By Vladimir Demine
By addressing their plastic consumption, companies not only benefit the environment, but also create opportunities to differentiate themselves
Plastic is high on the corporate agenda. We looked at the companies within our portfolio to assess how this topical issue might influence their sustainability of returns on capital.
The world is drowning in plastic. A 2016 report (The New Plastics Economy: Rethinking the future of plastics) by the Ellen MacArthur Foundation predicts that, based on current trends, there will be more plastic in the oceans than fish come 2050. Around half the total plastic produced is used for consumer goods packaging, usually single use, and very little is recycled, whether due to economic or technical reasons.
We believe taxes on plastic packaging, including outright taxes on virgin plastic, higher waste processing fees, and the introduction of deposit return fees, may all have a material effect on consumer staples companies in the future, unless they manage to adapt.
In terms of cost, we have identified two main ways in which plastic may impact fast-moving consumer goods (FMCG) companies, in addition to reputation or brand damage.
The aim of a plastic tax is not to raise revenues or reduce plastic use, but to encourage an increase in recycled content, (e.g. a tax is levied on any packaging with less than 30 percent recycled content). We would anticipate any such tax being large enough to be noticed by packaging manufacturers (with their low margins) and their FMCG clients, but not so large that it would hurt final consumer demand if passed on.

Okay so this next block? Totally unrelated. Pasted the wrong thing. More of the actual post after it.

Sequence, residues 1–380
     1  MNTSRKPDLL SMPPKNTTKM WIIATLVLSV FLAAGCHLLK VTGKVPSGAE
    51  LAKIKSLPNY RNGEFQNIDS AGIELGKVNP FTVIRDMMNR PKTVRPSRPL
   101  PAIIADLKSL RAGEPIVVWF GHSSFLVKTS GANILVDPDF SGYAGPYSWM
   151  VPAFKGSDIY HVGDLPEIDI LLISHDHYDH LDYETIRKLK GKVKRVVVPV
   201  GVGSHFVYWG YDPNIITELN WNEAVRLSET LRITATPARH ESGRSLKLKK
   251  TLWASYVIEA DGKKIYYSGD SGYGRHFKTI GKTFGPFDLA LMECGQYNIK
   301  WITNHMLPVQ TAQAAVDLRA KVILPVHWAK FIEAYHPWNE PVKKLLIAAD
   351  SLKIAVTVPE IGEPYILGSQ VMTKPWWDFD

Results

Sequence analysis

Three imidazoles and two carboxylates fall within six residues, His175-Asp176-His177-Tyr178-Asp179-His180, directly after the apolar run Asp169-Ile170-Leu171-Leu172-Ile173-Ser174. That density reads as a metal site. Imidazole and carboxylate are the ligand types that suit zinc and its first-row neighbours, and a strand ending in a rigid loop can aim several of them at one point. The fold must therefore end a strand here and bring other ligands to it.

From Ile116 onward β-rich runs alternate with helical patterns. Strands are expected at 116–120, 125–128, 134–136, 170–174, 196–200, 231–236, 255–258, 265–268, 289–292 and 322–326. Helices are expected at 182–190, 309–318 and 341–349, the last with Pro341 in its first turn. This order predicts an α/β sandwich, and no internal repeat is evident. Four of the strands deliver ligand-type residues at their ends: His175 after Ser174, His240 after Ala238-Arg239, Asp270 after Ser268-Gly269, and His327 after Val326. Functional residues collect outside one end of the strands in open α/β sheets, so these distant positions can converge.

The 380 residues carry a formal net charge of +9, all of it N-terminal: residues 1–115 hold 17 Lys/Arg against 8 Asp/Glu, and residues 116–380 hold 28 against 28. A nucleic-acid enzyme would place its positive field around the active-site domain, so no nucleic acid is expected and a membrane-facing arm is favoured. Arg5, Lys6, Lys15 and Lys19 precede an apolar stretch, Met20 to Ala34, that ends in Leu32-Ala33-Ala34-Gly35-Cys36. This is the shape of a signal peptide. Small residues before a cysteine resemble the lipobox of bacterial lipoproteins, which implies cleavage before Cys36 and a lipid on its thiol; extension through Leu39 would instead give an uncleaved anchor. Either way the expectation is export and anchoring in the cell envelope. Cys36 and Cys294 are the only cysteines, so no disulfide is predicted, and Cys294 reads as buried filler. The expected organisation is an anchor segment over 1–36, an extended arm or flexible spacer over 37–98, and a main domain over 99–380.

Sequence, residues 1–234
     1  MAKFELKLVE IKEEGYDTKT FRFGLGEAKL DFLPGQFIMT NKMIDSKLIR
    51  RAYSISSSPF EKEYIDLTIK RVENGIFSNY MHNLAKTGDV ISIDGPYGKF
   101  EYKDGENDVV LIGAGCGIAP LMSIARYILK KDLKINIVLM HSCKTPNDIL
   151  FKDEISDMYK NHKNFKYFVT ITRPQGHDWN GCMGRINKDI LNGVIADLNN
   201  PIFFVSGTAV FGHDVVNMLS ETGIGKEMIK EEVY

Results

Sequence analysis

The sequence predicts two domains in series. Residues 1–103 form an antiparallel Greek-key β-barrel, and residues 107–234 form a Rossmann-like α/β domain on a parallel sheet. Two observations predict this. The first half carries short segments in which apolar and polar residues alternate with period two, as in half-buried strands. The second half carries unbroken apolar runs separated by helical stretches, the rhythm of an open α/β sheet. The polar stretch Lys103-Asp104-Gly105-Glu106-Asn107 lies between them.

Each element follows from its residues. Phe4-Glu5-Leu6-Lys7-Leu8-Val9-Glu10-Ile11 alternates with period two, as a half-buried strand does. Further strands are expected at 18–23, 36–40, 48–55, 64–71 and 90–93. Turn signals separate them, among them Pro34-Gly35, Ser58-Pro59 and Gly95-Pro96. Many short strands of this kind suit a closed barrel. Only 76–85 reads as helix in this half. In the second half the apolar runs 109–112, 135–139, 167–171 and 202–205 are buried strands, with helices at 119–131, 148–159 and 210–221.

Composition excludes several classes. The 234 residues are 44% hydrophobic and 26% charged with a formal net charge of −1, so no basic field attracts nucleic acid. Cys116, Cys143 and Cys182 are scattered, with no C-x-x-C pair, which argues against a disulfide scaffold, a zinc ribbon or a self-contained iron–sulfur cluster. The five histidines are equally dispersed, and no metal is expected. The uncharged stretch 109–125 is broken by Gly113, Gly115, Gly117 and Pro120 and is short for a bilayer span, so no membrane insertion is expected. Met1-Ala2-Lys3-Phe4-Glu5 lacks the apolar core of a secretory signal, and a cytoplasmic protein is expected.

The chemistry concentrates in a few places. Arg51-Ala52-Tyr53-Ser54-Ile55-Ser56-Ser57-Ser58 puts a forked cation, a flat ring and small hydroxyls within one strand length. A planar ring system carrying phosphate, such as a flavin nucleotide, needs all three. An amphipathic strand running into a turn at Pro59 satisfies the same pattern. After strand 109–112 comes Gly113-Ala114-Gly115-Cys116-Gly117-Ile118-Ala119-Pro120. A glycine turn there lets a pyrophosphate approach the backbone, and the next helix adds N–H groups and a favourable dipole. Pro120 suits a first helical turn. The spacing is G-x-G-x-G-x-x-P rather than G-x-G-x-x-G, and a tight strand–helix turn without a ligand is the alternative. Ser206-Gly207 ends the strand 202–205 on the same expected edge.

The tightening of extended producer responsibility (EPR) rules would have a similar impact to the introduction of a tax. EPR means that companies producing any kind of waste have to pay the costs of dealing with it. The most comprehensive scheme is in Germany where brand owners are compelled by law to pay 100 percent of the net cost. Meanwhile, in the UK, the system only covers about 10 percent of the cost, although this is currently being reformed. The EU, too, is reviewing EPR requirements across the bloc. To quantify the effect, we calculated the potential cost impact of such a scheme on an American beverage company we own.
Should the whole world move to the German model, it would cost this company 4 percent of sales, while a move to the average EU cost would have an impact of 1 percent of sales.
Strong consumer brands have significant pricing power and have historically managed to pass a substantial proportion of their input cost inflation to their customers. We believe this would also apply to plastic. Similar to raw material inflation, if regulation increases companies’ costs, every company in a given country will be impacted similarly and will likely try to pass cost increases onto consumers. Given low price elasticity in consumer staples, we believe the volume impact of such industry-wide price increases would be limited.
There are over 350 signatories to the Ellen MacArthur Foundation’s New Plastics Economy Global Commitment, representing around 20 percent of global plastic packaging use. Their aggregate commitments to increase recycled content amount to five million tonnes of additional demand for recyclate by 2025-2030, compared to current market demand of what we calculate to be around three and a half million tonnes. Such a significant increase in demand may, in the medium term, push the premium up until enough capacity comes on stream.
With consumers ever savvier about responsible corporate behaviour, our engagements with the FMCG companies we invest in show they are taking plastic waste seriously and, in preparation for the upcoming impact of stricter regulation and plastic taxes, have dramatically increased their commitments to virgin plastic reduction. Plastic may not currently represent a material risk to the sustainability of returns of consumer staples companies, but the potential of it doing so in the future, not to mention reputational damage, is too high to dismiss.
In April 2019, Morgan Stanley launched its Plastic Waste Resolution, committing to facilitate the prevention, reduction and removal of 50 million metric tonnes of plastic waste from rivers, oceans, landscapes and landfills by 2030.